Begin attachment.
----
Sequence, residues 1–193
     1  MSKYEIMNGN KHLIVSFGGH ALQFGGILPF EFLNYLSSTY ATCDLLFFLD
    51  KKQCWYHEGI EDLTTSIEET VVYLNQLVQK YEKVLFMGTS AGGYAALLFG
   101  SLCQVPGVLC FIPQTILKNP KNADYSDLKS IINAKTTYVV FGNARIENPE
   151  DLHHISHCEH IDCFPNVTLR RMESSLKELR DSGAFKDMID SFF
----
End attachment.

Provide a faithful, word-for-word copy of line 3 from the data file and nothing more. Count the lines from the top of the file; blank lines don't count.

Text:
    51  KKQCWYHEGI EDLTTSIEET VVYLNQLVQK YEKVLFMGTS AGGYAALLFG